2. Supporting warmly the peace process begun at Madrid and the subsequent bilateral negotiations through which it has been continued;

3. Endorses the achievements of the peace process to date, which constitute important initial and continuing steps in achieving a comprehensive, just and lasting peace in the Middle East, and urges all parties to implement the agreements which have been reached, expressing the hope that successful steps will be taken soon;

4. Calls upon all parties to the peace process to continue their efforts with undiminished energy, deliberateness and speed;

5. Encourages the permanent status negotiations begun pursuant to the Declaration of Principles on Interim Self-Government Arrangements;

6. Emphasizes the importance of making progress, as a matter of urgency, on the other tracks of the Arab-Israeli negotiations within the peace process;

7. Expresses its full support for the active role which the United Nations is playing in the peace process, and in particular for its assistance in implementing the Declaration of Principles on Interim Self-Government Arrangements signed by the Government of Israel and the Palestine Liberation Organization.


Adopted on 19 August 1996
without a vote.


1996/6. Situation in the Palestinian and other Arab territories occupied by Israel

The Sub-Commission on Prevention of Discrimination and Protection of Minorities,

Guided by the purposes and principles of the Charter of the United Nations, the Universal Declaration of Human Rights, the International Covenant on Civil and Political Rights and the International Covenant on Economic, Social and Cultural Rights, in particular the principles of equal rights and self-determination of all peoples,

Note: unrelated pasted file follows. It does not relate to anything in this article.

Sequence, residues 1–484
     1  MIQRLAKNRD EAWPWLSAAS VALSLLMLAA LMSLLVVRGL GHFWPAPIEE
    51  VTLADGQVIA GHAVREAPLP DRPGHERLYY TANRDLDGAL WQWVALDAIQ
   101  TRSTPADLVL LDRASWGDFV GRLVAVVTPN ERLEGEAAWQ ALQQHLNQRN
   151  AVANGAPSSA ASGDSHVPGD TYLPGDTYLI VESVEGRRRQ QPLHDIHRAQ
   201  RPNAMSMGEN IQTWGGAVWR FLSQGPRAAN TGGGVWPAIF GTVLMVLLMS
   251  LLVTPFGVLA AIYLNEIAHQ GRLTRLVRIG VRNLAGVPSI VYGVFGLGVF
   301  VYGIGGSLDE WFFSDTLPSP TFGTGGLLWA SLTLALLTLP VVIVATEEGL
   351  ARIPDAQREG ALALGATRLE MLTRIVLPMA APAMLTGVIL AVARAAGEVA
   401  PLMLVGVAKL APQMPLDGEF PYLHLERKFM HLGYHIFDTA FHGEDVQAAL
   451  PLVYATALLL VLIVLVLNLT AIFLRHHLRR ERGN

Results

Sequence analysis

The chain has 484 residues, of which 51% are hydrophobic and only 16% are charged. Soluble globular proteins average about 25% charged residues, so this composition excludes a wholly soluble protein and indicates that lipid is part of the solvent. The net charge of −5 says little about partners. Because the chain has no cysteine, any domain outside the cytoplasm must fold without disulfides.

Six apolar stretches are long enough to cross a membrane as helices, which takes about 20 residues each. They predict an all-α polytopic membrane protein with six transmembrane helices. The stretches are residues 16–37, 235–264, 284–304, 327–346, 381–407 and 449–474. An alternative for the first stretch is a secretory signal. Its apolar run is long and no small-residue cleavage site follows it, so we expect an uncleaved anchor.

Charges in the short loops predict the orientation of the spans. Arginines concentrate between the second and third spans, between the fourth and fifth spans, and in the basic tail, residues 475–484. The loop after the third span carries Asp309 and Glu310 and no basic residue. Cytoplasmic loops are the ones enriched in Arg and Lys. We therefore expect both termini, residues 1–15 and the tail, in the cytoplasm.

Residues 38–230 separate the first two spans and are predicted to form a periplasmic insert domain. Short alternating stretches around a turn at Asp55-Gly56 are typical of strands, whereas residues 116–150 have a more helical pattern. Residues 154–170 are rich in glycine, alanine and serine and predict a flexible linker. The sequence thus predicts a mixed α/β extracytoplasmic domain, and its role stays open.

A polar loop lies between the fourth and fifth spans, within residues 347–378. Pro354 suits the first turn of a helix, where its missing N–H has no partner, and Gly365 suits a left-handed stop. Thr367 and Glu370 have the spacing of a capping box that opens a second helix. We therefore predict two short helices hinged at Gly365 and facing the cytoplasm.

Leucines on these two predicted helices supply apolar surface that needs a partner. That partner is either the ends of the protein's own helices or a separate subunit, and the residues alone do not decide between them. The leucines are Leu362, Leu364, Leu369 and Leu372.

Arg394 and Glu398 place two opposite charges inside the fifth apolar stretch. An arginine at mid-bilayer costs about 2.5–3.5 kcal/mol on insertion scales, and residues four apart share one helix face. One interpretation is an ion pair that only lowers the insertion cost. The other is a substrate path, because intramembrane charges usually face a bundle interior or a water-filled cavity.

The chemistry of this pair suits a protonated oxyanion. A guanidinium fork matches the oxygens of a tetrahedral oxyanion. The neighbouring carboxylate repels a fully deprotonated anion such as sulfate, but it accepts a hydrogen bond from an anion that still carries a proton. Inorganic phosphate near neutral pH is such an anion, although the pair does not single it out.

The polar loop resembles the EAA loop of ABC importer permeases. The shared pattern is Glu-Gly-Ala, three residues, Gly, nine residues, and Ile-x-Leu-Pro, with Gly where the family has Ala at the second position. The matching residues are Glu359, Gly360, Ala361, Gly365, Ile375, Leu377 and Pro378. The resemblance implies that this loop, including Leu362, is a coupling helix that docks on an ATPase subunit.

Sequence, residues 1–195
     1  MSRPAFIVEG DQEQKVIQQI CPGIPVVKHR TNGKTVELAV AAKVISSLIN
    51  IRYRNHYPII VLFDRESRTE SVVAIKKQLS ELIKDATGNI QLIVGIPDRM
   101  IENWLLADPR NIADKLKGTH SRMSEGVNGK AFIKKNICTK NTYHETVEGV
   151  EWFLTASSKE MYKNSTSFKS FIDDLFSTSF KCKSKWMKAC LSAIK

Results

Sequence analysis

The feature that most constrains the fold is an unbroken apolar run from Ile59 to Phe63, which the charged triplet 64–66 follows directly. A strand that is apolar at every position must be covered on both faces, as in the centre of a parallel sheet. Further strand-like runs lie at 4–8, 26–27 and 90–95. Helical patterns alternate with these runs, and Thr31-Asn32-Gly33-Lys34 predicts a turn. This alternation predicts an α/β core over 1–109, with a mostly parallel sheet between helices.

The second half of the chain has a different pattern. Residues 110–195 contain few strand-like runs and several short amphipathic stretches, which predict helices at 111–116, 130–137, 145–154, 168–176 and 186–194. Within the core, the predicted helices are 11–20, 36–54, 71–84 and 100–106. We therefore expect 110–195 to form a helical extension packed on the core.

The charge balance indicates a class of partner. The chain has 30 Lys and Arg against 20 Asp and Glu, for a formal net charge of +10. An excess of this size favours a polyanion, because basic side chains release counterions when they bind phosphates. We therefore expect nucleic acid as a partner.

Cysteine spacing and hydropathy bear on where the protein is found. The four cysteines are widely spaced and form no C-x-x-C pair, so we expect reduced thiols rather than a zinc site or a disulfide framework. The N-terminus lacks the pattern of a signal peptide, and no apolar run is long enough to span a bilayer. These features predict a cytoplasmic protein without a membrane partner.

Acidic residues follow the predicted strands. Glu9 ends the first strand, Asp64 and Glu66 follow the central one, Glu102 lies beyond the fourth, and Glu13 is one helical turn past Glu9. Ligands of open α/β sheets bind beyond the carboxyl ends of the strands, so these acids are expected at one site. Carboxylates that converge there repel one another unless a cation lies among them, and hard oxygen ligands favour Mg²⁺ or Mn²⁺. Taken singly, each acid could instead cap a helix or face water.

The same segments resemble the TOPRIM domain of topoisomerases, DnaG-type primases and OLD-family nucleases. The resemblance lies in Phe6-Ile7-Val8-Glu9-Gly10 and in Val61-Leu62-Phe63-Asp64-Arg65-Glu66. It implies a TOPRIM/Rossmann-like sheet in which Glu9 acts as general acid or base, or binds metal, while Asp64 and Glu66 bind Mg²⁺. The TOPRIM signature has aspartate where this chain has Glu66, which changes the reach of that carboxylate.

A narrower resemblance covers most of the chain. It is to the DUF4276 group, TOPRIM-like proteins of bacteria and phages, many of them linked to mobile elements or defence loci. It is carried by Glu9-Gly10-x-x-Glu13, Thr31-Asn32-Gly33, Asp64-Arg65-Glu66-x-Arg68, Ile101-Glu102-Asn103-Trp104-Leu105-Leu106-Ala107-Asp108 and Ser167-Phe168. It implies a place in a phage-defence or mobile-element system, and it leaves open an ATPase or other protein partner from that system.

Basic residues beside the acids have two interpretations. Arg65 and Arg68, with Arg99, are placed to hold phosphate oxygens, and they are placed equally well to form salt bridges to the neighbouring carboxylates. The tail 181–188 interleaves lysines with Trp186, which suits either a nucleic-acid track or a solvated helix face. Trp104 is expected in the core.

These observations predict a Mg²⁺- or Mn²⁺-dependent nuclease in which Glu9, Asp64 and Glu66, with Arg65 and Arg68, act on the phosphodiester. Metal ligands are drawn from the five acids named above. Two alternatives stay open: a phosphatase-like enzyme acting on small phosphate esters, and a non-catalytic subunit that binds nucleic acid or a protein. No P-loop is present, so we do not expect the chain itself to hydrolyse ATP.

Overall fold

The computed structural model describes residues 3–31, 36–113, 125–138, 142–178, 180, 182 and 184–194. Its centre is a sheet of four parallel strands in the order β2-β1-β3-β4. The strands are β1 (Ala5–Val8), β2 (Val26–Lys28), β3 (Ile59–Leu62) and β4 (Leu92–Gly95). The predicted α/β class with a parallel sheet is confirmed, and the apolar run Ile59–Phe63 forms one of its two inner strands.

Mindful of the principles and humanitarian provisions of the Geneva Conventions of 12 August 1949 for the protection of war victims, of the principles and provisions of international law, and of the obligations arising from the Regulations concerning the Laws and Customs of War on Lands, annexed to the Hague Convention IV of 1907,

Recalling that, in accordance with article 1 of the Geneva Conventions of 12 August 1949, all States parties to the Conventions have undertaken to respect and ensure respect for the Conventions in all circumstances,

Recalling also all the resolutions of the General Assembly and the Commission on Human Rights which affirm the applicability of the Geneva Convention relative to the Protection of Civilian Persons in Time of War, of 12 August 1949, to the Palestinian territory, including Jerusalem, and other Arab territories occupied by Israel since 1967,

Recalling further the relevant Security Council resolutions, in particular resolutions 605 (1987) of 22 December 1987, 607 (1988) of 5 January 1988, 608 (1988) of 14 January 1988, 636 (1989) of 6 July 1989, 681 (1990) of 20 December 1990, 726 (1992) of 6 January 1992 and 799 (1992) of 18 December 1992,

Taking note of the reports of the Special Committee to Investigate Israeli Practices Affecting the Human Rights of the Palestinian People and Other Arabs of the Occupied Territories submitted to the General Assembly,

Deeply alarmed at the non-respect by Israel of the Geneva Convention relative to the Protection of Civilian Persons in Time of War, of 12 August 1949, and the failure to apply it to the Palestinians in the occupied Palestinian territory and to civilian persons in other occupied Arab territories,

Welcoming once more the ongoing Middle East peace process started at Madrid, in particular the signing in Cairo on 4 May 1994 of the Agreement on the Gaza Strip and Jericho Area by the Government of Israel and the Palestine Liberation Organization, the representative of the Palestinian people, and regretting the hindrance of the peace process due to the Israeli attitude,